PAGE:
‘I’m a Customer Service Agent—For Best Results, Don’t Do These 3 Things When Complaining’

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If you have a problem with a product or service and need assistance to get it resolved, there's a good chance you'll interact with a customer service agent. Whether the conversation involves jumping on a phone call and braving hold music, corresponding via email or chat bot, or even talking in person, such conversations have the power to be legitimately positive and helpful or a source of frustration in their own right. The good news is that you have some control in how things ultimately go. To get the best results you can, a customer service representative says it's crucial to know what not to do when complaining.

Experts In This Article

Maria Rivera, customer service associate at customer service firm Horatio, navigates such conversations with customers as part of her job and says the way someone approaches interactions with a customer service rep factors heavily into what happens next.

"We validate the complaints and communication that customers have for us, but we just need them to come in with a mindset set up for outcomes and results."—Maria Rivera, customer service agent

“We validate the complaints and communication that customers have for us, but we just need them to come in with a mindset set up for outcomes and results to have a better experience,” Rivera says. “It’s better for you as a customer, and for me as a representative.”

Here, Rivera shares what customers shouldn’t do when they’re complaining for the best results when complaining to customer service.

3 things to avoid when complaining, according to customer service agents,

1. Using inappropriate language and being otherwise rude

The best way to get what you want is to be as polite as possible, even if hold music or delays send you into a silent rage you'd really love to voice once a person is back on the line. Remember, though, that person is a human being who doesn’t deserve to be called names or get yelled at. No matter how frustrated you are, it’s tough to salvage an interaction if it starts out in aggressive and disrespectful.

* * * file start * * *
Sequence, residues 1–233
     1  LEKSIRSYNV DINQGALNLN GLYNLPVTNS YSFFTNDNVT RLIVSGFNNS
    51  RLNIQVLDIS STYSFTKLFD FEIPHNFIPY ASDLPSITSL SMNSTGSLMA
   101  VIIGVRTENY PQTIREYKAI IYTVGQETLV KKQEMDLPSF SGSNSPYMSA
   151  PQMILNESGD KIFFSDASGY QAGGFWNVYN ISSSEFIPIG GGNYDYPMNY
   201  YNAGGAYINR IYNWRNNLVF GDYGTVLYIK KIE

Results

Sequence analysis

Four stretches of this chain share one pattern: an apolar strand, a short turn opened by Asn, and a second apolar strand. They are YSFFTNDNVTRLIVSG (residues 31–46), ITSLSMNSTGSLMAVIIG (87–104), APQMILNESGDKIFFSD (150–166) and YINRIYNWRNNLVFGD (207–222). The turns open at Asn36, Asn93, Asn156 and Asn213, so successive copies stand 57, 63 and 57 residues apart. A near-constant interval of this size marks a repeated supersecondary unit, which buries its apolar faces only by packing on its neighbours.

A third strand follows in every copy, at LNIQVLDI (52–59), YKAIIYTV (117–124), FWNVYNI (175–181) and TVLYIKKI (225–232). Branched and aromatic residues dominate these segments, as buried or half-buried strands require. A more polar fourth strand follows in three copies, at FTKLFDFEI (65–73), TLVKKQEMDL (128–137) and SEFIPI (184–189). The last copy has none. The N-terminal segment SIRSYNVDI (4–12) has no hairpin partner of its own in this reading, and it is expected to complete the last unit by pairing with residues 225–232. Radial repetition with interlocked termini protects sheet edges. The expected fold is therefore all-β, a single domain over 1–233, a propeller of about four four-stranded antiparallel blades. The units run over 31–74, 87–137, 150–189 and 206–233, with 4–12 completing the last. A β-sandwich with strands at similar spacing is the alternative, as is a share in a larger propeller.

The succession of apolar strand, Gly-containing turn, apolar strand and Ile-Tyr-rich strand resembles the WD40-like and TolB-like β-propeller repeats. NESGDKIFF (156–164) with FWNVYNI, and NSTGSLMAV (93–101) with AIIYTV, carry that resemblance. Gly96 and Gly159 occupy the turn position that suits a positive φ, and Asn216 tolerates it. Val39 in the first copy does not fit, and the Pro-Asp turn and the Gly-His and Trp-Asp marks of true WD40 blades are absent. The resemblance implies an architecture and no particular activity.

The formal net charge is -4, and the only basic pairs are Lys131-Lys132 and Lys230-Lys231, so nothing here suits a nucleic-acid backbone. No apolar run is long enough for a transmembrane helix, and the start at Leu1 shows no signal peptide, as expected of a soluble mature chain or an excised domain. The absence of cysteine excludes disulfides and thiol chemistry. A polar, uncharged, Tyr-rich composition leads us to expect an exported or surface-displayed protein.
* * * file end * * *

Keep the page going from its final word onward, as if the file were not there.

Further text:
“When customers are frustrated and come in using inappropriate language that might be offensive to the representative, it’s hard to move beyond that,” Rivera says. The same truth extends to emails, which Rivera says she handles, too, in her customer service role. Even when a mode of communication skews less personal, it's not an excuse to use a rude tone.

Do this instead: If you’re not in a head space to interact politely, Rivera recommends waiting to reach out until you are. Blowing up at a customer service rep is not only rude, but will make the situation less likely to lean in your favor. The agent will be less able (and perhaps willing) to help you with your problem.

2. Not being open to finding solutions to the problem

Another factor that can compromise your outcome with customer service is not fully listening to the available options or not having an open mind about a potential solution outside what you might have already had in mind.

Rivera says it’s not always possible to achieve outcomes in exactly the way a customer expects. Remaining inflexible, she says, can make the situation harder to resolve. Because of this, it's better to come into the call with an intention to find any workable solution, rather than just to complain.

Do this instead: Drop the "my way or the highway" attitude and listen to what the customer service rep proposes. Then go from there. What ends up happening may be different from your original plan, but it could still work.

3. Blaming the representative

Blaming the individual representative for something not going your way simply isn't helpful. “Sometimes the procedures that we have in the company do not coincide with [a customer's] expectations, and that makes the interaction more challenging," Rivera says. "There is a point within the call or email where you don’t know what to do or say.”

Do this instead: Understand that sometimes company policies prevent customer service reps from doing exactly what you want. Try to be understanding and realize your issue isn't the fault of an individual representative. Be open to hearing their proposed solutions.

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